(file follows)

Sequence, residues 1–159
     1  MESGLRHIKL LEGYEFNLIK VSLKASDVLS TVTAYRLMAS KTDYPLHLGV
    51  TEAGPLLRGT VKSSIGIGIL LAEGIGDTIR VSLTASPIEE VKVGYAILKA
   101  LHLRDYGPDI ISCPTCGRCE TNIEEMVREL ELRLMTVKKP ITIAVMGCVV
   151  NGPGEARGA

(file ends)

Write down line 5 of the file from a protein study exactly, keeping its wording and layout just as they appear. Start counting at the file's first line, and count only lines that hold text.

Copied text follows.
   151  NGPGEARGA